Emerging Tech

Poll for IT consultants: Do you also consider yourself a Systems Integrator?

In talking to IT consultants, I recently discovered that a lot of them also consider themselves Systems Integrators. I'm interested to know much overlap there is in these two job roles so I'm running this poll for IT consultants to ask them the question.

In talking to IT consultants, I recently discovered that a lot of them also consider themselves Systems Integrators. This may sound self-evident since IT consultants are typically hired to integrate various types of systems into a client's current IT infrastructure, but I'm interested to know much overlap there really is so I'm running this poll for IT consultants to ask them the question.

About

Jason Hiner is the Global Editor in Chief of TechRepublic and Global Long Form Editor of ZDNet. He is an award-winning journalist who writes about the people, products, and ideas that are revolutionizing the ways we live and work in the 21st century.

10 comments
SCSIcat
SCSIcat

The way I see it, I wear many hats. I'm a database developer, server OS engineer, systems integrator, information systems security officer, qa tester, active directory engineer/administrator, Cisco administrator, etc. There's no one title that describes most IT personnel. Because of the shortage of talent in America, IT infrastructure personnel have to wear multiple hats.

sfsmadrush
sfsmadrush

I agree. It is multiple hats. Though I ended up being an IT consultant because of all the system integration I did. I think doing SI causes the person to exhibit all the traits that a successful consultant needs. SI tends to be a stepping stone towards consulting. But yes, I've been asked to do DB modeling and install SunOS. So the job of a consultant definitely varies.

sfsmadrush
sfsmadrush

I agree. It is multiple hats. Though I ended up being an IT consultant because of all the system integration I did. I think doing SI causes the person to exhibit all the traits that a successful consultant needs. SI tends to be a stepping stone towards consulting. But yes, I've been asked to do DB modeling and install SunOS. So the job of a consultant definitely varies.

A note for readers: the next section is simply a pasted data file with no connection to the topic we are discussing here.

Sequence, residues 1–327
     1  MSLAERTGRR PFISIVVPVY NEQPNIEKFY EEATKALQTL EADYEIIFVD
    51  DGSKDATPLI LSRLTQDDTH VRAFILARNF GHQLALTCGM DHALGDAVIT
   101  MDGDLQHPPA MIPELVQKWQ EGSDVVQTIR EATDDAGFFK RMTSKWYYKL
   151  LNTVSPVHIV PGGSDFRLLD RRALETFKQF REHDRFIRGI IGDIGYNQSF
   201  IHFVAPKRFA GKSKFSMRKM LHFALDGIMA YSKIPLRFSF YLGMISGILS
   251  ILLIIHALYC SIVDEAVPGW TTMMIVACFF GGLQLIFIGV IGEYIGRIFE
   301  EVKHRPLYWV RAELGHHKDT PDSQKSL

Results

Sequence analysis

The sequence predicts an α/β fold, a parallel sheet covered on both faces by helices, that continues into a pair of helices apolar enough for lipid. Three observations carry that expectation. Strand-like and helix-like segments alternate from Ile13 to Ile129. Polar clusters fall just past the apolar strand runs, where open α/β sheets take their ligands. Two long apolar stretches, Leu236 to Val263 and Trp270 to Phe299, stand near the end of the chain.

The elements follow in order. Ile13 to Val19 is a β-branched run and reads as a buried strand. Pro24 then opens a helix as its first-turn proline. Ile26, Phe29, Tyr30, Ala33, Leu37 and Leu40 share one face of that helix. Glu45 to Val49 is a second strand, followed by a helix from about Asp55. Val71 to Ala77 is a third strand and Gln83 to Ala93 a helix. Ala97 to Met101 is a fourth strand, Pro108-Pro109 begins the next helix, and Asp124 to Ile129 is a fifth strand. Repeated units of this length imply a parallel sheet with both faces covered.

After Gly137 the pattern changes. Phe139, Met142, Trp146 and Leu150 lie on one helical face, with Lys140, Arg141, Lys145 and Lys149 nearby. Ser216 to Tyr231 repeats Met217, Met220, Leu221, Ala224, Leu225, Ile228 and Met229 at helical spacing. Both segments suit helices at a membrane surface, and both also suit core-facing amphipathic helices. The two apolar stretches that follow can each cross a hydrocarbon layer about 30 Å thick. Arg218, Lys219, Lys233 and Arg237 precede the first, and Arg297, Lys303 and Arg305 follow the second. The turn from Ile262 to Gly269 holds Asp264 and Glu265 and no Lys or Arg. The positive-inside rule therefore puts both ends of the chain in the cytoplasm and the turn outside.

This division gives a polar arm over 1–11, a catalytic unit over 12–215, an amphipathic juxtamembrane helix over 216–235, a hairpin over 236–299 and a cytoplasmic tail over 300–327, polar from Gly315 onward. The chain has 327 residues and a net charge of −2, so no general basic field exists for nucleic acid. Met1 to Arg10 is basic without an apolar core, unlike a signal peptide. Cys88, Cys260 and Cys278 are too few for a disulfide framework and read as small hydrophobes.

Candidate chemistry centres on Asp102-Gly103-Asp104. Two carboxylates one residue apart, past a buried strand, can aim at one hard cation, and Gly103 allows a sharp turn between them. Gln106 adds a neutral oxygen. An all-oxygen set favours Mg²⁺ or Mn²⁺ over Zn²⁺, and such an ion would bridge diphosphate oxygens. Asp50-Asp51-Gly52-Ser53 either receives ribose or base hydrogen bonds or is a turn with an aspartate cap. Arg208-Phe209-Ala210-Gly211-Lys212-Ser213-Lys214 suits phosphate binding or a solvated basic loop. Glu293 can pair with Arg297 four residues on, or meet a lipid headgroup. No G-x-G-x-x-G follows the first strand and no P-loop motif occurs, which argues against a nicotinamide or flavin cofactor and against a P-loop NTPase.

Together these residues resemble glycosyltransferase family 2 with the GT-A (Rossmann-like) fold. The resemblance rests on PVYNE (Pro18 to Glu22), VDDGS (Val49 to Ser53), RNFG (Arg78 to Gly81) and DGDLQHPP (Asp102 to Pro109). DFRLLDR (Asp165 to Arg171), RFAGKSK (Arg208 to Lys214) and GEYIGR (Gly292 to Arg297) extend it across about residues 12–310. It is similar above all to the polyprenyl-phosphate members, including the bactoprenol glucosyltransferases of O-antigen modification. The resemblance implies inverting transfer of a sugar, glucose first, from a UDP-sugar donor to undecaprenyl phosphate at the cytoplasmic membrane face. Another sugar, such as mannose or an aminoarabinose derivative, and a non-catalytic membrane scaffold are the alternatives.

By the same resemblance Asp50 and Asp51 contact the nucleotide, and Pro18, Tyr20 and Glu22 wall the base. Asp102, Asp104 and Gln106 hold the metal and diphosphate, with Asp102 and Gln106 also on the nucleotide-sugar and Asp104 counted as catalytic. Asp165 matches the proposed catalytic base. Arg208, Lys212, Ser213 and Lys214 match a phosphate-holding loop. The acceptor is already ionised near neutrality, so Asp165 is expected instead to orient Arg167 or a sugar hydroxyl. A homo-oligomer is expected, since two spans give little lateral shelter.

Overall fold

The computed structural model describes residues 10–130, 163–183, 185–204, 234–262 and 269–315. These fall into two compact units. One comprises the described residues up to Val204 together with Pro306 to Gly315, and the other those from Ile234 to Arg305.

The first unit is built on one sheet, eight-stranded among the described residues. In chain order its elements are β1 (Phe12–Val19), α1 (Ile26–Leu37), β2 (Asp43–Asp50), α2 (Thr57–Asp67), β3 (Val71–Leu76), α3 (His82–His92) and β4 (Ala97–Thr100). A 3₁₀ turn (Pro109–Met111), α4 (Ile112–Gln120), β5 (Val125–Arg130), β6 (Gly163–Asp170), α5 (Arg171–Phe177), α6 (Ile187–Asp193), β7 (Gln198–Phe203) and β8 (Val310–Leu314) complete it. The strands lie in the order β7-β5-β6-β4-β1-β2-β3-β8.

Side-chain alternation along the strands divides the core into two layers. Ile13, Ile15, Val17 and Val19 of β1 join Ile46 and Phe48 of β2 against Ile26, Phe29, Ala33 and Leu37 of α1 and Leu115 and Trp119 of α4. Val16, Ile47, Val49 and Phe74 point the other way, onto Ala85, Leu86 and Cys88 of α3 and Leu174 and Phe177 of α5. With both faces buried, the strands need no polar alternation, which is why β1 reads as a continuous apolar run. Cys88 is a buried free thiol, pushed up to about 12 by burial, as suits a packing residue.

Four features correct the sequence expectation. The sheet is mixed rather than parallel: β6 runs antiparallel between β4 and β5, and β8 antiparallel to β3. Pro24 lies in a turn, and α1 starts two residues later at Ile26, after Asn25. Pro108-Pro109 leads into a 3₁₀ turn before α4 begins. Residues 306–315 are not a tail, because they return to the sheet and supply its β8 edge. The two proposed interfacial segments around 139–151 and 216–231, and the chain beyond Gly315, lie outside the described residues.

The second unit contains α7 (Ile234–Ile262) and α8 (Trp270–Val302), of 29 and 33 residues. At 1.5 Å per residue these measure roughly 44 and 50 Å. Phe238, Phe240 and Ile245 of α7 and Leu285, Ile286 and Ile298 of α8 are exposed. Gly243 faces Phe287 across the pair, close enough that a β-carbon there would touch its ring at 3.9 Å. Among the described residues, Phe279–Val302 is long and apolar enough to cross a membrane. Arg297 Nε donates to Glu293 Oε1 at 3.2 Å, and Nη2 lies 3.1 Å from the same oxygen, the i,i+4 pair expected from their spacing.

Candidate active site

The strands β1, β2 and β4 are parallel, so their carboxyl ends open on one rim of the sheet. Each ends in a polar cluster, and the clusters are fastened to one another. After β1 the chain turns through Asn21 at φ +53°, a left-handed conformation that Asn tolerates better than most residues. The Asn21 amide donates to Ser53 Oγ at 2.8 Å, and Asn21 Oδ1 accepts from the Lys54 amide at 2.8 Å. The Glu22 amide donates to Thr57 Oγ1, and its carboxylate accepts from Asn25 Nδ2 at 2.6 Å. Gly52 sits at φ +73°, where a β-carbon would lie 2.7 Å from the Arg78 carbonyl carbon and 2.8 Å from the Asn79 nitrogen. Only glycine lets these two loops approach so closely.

jonsaint
jonsaint

When I was in the game (British readers feel free to smile) first and always, the consultant's job was to analyse problems and propose solutions straight from the Company's catalog. Need a new database? Only DB/2 will do. Need an asset management system? Why Tivoli fits the bill (all 37 components of it.) Our reports read like sales brocures. The other big consulting companies have commercial tie-ins with the other hardware players too, so nobody has clean hands among the leaders. I'd be curious to hear from current or former consultants how they were pressured or not to only recommend their employers' products.

Dr. Tarr
Dr. Tarr

...and more like a salesman with a misleading title. To me, the difference is in who pays the bills. I work as a consultant and integrator. I do not sell equipment or software, although I do have technical relationships with the major manufacturers as well as carrying manufacturers certicications. When I am consulting I am being paid by the customer to define requirements, and then assist in evaluating proposals. I work for the customer, and represent the customers interests. Because of the paucity of work in the field I prefer, I also do integration and installaton work, as well as represent manufactures as a technical representative. When a manufacturer hires me to do a site survey, I work for the manufacturer. I do not bid the installation / integration work on projects where I am consulting, or represent anyone other than the client that is paying me, it would be unethical at best, and most of the time is also contractually forbidden. Maybe I have the wrong idea about what a consultant is.

jasonhiner
jasonhiner

All consultants/integrators have employers (such as IBM, as you mentioned) or partners that they work with, and will naturally try to gravitate customers towards solutions that they experience with. So here's my question: How often to integrators support competing products so that they can offer multiple options to customers and present a more neutral stance? This is a question for the crowd.

jonsaint
jonsaint

Jason- I've only seen IXX offer HP's stuff once; it was an outsourcing bid for P&G. P&G was already 100 % HP. Three Initial Corporation (3CI) offered to put its financing muscle behind new equipment purchases and use only the net-management products, etc. The bid was won by EDS and subsequent negotiations were broken off. On a smaller bid later on 3IC bid straight 3IC equipment - roll out the HP, roll in the new. Prop was thrown out on its ear. One time (1999) it came back the other way. I was working on an initial SAP installation for a large defense contractor in Texas which was a 3IC-only shop. Nothing but MF (27 LPARs) and DB2 and no UNIX of any kind. SAP-America won the installation bid (SAP Basis if that means anything to you.) Their first move was to try to get the customer IT shop to move to SUN hardware because they did not have anyone on their team who had MF and DB2 skills. Naturally the customer told them to implement the contract they'd signed.

bec
bec

I think your survey is shot... The survey results I got after responding were "100% Yes" and "100% No"... What the? :)

jasonhiner
jasonhiner

It does strange things sometimes for the first respondent. Sometimes it even says 0% across the board. Anyway, it's working now.

jmgarvin
jmgarvin

I have to say that to be honest, the may job of a consultant is system integration. 'Course, your average shop needs a LOT more help than system integration, but that's another story.